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California recycling goal trashed

El Dorado County and the city of South Lake Tahoe are among the hundreds of California cities and counties that have failed to meet a goal to cut by half the amount of garbage they dump in landfills this year.

Nearly five months after the Jan. 1 deadline, which could bring fines totaling as much as $10,000 a day for violators, no penalties have been issued for failing to comply with the Integrated Waste Management Act, which many consider the nation’s most comprehensive recycling law.

“We won’t have our numbers until after December 2000, and then the state will start looking at the numbers to see who is way off or who is on track,” said Jeanne Lear, recycling program coordinator for South Tahoe Refuse, a private company serving South Lake Tahoe, Stateline



and Meyers. “My understanding is they’re going to extend the time frame to meet the goals.”

In 1999 South Tahoe Refuse diverted 30 percent of its waste from landfills, said Lear. After the state used a formula with a variety of adjusters, that number was 38 percent.




“We’re heading in the right direction,” Lear said. “We’re making steady progress, and the numbers have steadily gone up.”

Some state officials said it is unlikely cities that fail to comply with the law will ever be punished, a position that has rankled environmentalists.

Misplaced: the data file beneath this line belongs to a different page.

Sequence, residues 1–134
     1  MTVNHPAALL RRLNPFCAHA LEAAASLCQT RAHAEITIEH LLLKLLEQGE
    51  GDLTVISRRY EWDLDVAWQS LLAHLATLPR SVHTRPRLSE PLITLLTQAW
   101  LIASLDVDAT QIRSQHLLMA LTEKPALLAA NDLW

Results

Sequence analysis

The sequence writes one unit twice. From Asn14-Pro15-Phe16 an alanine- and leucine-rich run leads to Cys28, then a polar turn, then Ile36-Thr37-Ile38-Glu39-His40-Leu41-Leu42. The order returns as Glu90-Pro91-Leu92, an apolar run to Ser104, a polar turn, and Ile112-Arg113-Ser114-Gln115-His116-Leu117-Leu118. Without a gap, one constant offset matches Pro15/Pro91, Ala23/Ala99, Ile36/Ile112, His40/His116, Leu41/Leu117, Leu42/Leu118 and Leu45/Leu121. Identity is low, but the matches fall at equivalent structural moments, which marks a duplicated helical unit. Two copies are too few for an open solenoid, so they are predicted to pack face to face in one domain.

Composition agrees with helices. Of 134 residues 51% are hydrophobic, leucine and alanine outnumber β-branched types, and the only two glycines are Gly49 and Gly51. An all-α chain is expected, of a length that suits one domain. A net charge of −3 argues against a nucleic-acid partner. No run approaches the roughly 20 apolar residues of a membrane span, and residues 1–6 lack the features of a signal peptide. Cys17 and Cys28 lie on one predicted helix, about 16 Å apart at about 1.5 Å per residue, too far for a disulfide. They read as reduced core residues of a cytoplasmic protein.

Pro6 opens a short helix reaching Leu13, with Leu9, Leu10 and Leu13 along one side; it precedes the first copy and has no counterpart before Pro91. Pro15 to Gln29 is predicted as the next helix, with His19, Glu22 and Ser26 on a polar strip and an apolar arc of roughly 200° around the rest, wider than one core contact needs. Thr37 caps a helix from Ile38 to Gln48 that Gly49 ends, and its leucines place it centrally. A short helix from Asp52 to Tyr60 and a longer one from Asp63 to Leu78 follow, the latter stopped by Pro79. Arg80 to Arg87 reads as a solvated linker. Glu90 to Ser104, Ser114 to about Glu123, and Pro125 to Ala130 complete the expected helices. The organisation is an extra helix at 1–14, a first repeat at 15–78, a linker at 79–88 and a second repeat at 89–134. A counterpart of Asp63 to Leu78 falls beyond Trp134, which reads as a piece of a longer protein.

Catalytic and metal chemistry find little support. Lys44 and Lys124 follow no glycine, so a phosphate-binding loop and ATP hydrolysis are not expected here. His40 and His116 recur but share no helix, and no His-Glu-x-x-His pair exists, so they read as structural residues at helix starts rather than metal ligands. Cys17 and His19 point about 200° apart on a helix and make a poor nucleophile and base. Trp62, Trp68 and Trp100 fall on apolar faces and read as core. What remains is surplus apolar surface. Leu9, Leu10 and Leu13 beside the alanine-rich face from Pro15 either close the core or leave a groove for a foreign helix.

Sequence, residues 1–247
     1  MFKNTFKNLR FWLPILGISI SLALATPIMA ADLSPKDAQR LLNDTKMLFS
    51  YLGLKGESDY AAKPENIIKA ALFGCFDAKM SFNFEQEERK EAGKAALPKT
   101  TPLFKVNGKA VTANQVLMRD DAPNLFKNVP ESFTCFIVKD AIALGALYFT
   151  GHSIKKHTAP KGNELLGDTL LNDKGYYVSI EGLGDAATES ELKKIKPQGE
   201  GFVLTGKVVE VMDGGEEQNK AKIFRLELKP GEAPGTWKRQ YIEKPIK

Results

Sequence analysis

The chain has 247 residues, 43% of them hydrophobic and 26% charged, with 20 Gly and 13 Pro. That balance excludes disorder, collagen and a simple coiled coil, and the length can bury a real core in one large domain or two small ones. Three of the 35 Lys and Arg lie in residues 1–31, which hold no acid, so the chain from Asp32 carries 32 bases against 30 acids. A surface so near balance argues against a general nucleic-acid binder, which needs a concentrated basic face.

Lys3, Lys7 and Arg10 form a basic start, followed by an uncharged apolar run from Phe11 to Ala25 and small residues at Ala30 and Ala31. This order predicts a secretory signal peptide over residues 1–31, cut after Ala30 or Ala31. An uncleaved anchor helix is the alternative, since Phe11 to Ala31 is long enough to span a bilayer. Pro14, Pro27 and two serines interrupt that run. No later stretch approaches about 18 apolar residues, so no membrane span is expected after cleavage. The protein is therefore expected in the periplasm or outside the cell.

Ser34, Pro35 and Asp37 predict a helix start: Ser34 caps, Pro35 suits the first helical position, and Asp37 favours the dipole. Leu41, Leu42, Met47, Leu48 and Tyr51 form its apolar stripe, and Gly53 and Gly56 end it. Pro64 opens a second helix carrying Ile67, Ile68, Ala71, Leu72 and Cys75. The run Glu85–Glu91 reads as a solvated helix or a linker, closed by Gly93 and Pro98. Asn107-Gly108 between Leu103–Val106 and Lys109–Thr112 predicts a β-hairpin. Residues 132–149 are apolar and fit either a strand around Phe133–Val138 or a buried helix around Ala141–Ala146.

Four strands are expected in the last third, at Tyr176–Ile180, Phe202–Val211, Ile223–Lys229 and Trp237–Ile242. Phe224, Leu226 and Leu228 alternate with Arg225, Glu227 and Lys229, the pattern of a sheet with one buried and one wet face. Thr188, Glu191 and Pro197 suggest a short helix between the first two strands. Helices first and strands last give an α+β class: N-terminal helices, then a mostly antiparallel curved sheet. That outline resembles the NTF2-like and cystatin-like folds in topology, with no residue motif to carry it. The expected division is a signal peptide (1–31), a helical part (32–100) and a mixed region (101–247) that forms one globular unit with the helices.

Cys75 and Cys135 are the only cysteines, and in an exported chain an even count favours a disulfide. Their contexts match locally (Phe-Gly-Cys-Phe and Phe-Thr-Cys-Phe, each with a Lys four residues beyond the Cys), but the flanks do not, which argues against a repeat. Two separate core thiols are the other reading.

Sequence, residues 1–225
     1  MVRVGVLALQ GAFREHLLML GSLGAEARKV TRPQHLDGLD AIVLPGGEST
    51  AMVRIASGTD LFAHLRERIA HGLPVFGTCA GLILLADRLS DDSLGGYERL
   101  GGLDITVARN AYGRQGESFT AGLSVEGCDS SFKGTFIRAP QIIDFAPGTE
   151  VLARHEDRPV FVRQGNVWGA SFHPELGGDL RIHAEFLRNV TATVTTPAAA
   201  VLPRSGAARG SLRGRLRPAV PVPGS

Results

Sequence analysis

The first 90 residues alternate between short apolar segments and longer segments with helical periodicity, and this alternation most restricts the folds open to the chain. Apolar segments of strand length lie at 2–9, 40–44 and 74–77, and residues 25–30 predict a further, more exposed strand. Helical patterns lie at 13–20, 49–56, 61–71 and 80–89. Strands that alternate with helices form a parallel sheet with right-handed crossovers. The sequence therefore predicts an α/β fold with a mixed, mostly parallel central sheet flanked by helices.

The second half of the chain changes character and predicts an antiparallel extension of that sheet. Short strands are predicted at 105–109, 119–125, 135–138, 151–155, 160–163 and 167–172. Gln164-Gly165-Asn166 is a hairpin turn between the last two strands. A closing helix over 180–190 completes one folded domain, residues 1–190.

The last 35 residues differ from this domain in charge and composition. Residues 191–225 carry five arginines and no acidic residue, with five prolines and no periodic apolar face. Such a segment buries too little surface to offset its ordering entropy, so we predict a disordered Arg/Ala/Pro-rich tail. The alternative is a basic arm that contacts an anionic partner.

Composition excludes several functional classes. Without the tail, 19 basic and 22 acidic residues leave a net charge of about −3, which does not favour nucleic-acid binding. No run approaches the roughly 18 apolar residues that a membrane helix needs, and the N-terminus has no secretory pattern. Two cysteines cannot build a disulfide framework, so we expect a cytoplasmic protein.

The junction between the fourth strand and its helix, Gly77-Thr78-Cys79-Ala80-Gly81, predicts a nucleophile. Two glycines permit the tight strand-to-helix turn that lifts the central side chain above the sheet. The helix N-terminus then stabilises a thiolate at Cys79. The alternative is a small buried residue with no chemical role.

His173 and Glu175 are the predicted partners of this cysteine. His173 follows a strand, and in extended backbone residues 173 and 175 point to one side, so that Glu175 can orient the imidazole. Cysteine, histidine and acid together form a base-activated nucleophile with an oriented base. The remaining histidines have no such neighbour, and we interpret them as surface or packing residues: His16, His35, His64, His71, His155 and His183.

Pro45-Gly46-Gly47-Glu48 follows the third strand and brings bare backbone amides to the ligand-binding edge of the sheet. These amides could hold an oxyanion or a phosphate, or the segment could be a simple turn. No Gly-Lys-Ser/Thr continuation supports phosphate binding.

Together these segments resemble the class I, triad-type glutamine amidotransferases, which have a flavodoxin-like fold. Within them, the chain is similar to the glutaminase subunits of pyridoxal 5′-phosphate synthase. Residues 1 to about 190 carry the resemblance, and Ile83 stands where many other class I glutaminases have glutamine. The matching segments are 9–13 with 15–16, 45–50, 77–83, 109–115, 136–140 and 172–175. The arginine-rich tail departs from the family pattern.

The Integrated Waste Management Board often opts to simply place offenders on special garbage-reduction timetables, suggesting specific recycling programs and compliance orders.

”This whole fear of fines is unfounded,” said waste board Chairman Dan Eaton. ”If anything, we have been criticized for not being tough enough. But rather than fining everyone, we have favored a different approach.”

Environmentalists such as Mark Murray, a member of Californians Against Waste, maintain the waste board is too passive in enforcing the legislation.

Passed in 1989, the Integrated Waste Management Act was designed to ease the burden on landfills and emphasizes changes in packaging or business practices that will lower the amount of garbage.

Under the action, cities and counties had to cut by 50 percent the amount of waste going to landfills by 2000. While few cities have met the reduction goal, the law is still credited with significantly improving California’s environment.

South Tahoe Refuse built a Materials Recovery Facility in 1995. Inside the MRF, workers operate machinery and separate trash moving along a conveyor belt. Cans, plastic jugs and even refrigerator-sized appliances are compacted, bailed and shipped to places where there are markets for them.

Wood – including lumber, old pallets and dead trees – are transported daily to Minden, where the wood is used for composting.

About 40 percent of South Shore’s garbage comes from residents; the rest comes from commercial operations, which include resorts and construction. South Shore does not have curbside recycling. It likely would not be very effective because it would affect less than half of the waste. And participation in curbside recycling is typically only about 50 percent.

On South Shore, residents are encouraged to separate their recyclables, making separation easier for workers in the MRF.

– The Associated Press contributed to this report.


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